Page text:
“Captain, I felt it necessary to inform you that I have just signed the death warrant for Titus Drautos, as requested by the will of the people of Lucis as determined by a fair trial before the highest court in the land. As per ancient law and tradition, the warrant is to be read to the condemned before the preparations for the sentence are begun. I have called to ask if you wish to be the informer,” Regis said, his voice formal and remote; he could hear the sharp intake of air through the phone line, and he waited while the new captain decided on what he would do.
“Your majesty, while I am willing, I- I believe I know a better person,” Captain Ulric stated, and Regis nodded in understanding when Ulric offered his idea for the solemn position. An hour later, the king and his shield joined Captain Ulric and Crowe Altius as they descended to the holding cells below the Citadel, walking in utter silence through the long corridor to the cells, a Crownsguard bowing and opening the security gate so swiftly that they did not even slow before entering the cellblock proper. The four of them approached Drautos’s cell, the sight of the former captain stealing the very breath from his chest. If things had been different, this man would have watched Insomnia burn and the corpses pile high as the city was overrun by daemons, and as far as Regis could tell, he would have done it with little to no regret. Drautos looked up at the four of them with an emotionless expression, and Regis stepped forward.
“I’ve wondered much about how we ended up here, why you went through so much work for so long just to bring down Insomnia. But I find myself standing here now, and I think that this had a lot less to do with the city, and a lot more to do with me,” he said, and he got his confirmation in the slight narrowing of the man’s eyes at the end of his statement. “I’m hardly perfect, Drautos; I’ve made many a decision I regret throughout my life, but I still do not know what I have done to garner such unrelenting hatred from you. But you will not tell me, and perhaps that is your final act of vengeance against me. Titus Drautos, former captain of the Kingsglaive, I will see you at the Old Square of Justinius in two weeks time. Glaive Altius, I leave this to you.” Regis handed over the silk-bound folder with the death warrant to Altius, who bowed and smiled darkly as she received it. Without looking back, he turned on his heel and walked away from the cells, Clarus at his heels, listening with a cold smile as Crowe Altius read off the death warrant to the man who had nearly sent her to her own doom without compunction or reason, but just because she was inconvenient at the time.
Ulric was right. He could not think of a more appropriate person to act in that position.
Those who fought for something better
Cor looked up from his sword as he heard his front door open, the sound of boots being worked off and thumping to the floor a familiar one as he set the blade and polishing rag down on his coffee table. He brushed his hands off on his pants as he rose to his feet, turning to see Nyx hang his uniform coat on the hook.
“Everything alright? I tried calling-” Cor cut himself off when he saw the somber look in Nyx’s eyes, his chest tightening at the unusual sight. Without saying a word, Nyx walked up to him, reaching up and pulling Cor’s head down to his, pressing their foreheads together and closing his eyes. Cor responded by wrapping his arms around the shorter man. They stood there in silence long enough for Cor’s neck to cramp, but he stayed still and waited for the other man to decide what they were doing.
“I considered him a good friend once, even a mentor of sorts. Looking back, I can see where he was trying to sway me to be loyal to him instead of the institution, the king- little comments about my sister’s death, comments about how the frontier and Galahd would probably be better off had the king not pulled the wall…” Nyx whispered, and Cor realized he knew exactly what had happened, but kept quiet and let the younger man speak. “-but I would usually change the subject; I didn’t want to talk about my sister with him, and he always seemed to forget that it was Mors that pulled the wall, not King Regis-” Nyx finally opened his eyes, and Cor gave him a sad smile. “Damn, I’m probably killing your neck. Sorry, Cor.” Nyx stepped back out of his arms, and Cor gave his neck a quick stretch before shaking his head.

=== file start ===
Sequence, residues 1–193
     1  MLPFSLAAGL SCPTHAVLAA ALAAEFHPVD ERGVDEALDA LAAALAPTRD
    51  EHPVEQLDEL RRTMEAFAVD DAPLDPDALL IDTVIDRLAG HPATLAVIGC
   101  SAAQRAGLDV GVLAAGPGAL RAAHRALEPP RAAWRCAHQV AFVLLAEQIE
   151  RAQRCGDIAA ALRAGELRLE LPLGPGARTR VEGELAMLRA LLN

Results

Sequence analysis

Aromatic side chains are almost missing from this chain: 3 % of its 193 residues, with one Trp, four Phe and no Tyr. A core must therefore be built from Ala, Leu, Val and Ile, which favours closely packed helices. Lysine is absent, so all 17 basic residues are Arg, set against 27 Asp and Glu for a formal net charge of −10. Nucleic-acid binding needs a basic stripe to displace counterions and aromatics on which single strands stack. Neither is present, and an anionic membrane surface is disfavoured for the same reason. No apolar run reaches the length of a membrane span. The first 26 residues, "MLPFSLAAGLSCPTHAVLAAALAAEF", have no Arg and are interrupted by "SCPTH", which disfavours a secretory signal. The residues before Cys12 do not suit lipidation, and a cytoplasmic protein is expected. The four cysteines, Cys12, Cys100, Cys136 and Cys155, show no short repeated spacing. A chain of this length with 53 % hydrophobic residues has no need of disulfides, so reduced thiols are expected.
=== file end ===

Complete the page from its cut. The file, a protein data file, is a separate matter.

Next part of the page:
“Don’t worry about it. The king signed it, didn’t he?” Cor asked, and Nyx nodded, sitting down on the sofa next to where Cor had been sitting just minutes earlier. Cor retook his former spot, and the two men sagged back against the cushions with a sigh, their shoulders resting against each other’s as Cor looked over at Nyx’s tired face. “Did the king call you?” he asked, and Nyx nodded absently.
“Turns out there’s an old law that requires the death warrant to be read to the condemned before preparations are to begin. He called and asked if I wanted to do it.” Cor sucked in a breath, and Nyx shook his head in response. “I told him I was willing, but that I had a better candidate.” Cor wrapped his hand around Nyx’s, giving it a hopefully comforting squeeze; Nyx’s mouth quirked a little, and Cor considered it a win. “So about an hour ago, the king, Clarus Amicitia, myself, and Crowe Altius headed down to the holding cells, where the king spoke to him about his guesses at his motive, then handed over the warrant to Crowe and departed with Amicitia. As you can guess, he didn’t speak once, and the only real reaction we got is when the king stated that he figured that it was a personal vendetta of sorts against him. I know I sure as hell don’t know. I think I wanted to say something to him, but Crowe finished reading the thing and left immediately, and I knew it was better I didn’t. Not then,” Nyx said, and Cor watched as the other man worried at a knuckle with his teeth, something he had never seen Nyx do before. “The bastard hates the king, thinks he’s a hypocrite for seeking some sort of peace here in Insomnia if he can’t give it to all of Lucis, and it never seems to occur to him that he had been enjoying the benefits of that stability for decades as he plans the deaths of millions just because he’s a bitter asshole who can’t move on. Who’s the fucking hypocrite, huh?” Nyx hissed, and Cor tightened his hand around the Glaive’s and sighed.